Nearly three out of four supply chain chiefs polled in a recent survey said they would not be able to get their hands on their products in the event of a recall.
That's one of the key findings from "On the Trail to Traceability," a study released by RedPrairie Corp., a vendor of supply chain software.
Of the 130 supply chain executives surveyed, 72 percent said they are not completely confident in their organization's ability to trace the status of products that have been recalled. The study canvassed companies in the consumer products, life sciences, and food and beverage sectors. Another alarming finding was that only 51 percent of those surveyed said their companies could execute a product recall within hours.
About 70 percent of the respondents said they have difficulty coordinating recalls with suppliers and distributors.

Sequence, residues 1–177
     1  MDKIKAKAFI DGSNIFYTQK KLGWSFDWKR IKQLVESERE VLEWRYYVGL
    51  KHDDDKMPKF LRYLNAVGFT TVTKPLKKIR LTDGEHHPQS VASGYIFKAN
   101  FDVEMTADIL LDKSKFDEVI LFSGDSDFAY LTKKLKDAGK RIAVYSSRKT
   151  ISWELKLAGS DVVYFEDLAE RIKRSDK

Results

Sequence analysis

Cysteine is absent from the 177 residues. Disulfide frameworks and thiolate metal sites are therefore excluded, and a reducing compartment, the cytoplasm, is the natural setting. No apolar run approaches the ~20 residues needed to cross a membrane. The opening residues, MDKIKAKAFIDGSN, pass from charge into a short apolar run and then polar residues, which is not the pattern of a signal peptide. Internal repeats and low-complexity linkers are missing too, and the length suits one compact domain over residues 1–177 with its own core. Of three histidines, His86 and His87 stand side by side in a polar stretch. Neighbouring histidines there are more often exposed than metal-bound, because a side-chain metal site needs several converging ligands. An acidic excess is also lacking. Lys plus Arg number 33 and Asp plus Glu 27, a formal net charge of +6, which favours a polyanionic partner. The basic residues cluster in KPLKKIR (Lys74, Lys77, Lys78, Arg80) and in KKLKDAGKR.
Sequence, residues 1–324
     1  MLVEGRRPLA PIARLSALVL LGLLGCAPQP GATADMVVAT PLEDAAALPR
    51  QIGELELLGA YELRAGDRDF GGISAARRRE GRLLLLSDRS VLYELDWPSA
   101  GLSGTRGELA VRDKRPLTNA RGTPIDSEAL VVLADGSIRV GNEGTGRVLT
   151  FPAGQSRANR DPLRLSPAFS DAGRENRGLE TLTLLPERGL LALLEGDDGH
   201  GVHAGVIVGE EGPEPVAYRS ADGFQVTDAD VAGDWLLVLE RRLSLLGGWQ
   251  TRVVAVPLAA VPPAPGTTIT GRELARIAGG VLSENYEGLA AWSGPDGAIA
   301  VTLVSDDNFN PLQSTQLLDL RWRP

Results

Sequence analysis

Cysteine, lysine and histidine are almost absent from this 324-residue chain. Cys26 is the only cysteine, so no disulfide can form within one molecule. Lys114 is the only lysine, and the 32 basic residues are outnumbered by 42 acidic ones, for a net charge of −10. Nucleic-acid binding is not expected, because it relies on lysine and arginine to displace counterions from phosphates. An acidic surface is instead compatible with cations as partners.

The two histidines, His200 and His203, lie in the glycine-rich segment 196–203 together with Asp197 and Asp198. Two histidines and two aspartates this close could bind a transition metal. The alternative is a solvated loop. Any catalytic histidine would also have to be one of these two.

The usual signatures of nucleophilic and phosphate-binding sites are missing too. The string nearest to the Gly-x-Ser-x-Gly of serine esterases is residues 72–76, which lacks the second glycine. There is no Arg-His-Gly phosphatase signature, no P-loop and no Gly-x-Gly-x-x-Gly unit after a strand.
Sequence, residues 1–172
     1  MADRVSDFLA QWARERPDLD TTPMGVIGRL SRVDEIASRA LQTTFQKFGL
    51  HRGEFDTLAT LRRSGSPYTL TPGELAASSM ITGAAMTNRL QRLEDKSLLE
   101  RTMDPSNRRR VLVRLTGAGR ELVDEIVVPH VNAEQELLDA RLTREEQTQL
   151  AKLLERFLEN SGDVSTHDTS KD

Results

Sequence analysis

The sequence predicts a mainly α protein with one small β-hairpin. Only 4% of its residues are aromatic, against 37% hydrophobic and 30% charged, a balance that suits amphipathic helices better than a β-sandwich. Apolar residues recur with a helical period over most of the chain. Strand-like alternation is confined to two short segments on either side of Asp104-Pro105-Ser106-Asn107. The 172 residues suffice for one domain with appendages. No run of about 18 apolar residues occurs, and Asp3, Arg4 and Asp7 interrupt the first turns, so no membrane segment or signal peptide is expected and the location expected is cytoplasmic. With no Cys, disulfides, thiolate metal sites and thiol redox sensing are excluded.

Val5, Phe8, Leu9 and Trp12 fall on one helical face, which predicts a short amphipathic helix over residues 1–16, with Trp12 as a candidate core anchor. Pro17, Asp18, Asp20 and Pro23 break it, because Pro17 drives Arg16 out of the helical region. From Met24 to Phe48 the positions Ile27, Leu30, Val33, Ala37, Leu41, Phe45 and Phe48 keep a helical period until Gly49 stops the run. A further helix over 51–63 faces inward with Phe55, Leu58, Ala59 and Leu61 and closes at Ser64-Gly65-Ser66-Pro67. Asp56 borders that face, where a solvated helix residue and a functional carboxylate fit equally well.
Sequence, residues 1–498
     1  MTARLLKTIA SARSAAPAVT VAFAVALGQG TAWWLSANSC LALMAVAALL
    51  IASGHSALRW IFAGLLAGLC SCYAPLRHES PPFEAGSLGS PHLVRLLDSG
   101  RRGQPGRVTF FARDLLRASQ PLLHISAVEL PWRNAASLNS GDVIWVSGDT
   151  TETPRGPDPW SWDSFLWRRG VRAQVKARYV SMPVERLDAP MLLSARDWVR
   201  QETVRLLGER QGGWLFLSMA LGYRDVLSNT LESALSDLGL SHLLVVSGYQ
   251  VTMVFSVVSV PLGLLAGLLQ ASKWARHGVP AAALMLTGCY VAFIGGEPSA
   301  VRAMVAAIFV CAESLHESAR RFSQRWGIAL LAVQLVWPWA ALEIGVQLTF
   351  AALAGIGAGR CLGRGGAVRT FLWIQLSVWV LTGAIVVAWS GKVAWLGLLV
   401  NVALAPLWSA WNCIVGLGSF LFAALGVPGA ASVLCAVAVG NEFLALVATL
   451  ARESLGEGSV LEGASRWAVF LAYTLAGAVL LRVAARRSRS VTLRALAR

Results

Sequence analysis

The study found that 46 percent of respondents struggle to stay compliant with government regulations regarding product safety and recalls. In addition, less than 20 percent of survey participants have deployed technology to help automate a trace-and-recall process.
Many supply chain executives are worried about the consequences of a poorly executed product recall. Almost one-third of surveyed executives said their ineffectiveness in tracing recalled items could have a negative financial impact on their companies.
Gateway Research conducted the survey as part of RedPrairie's research into "Commerce in Motion."
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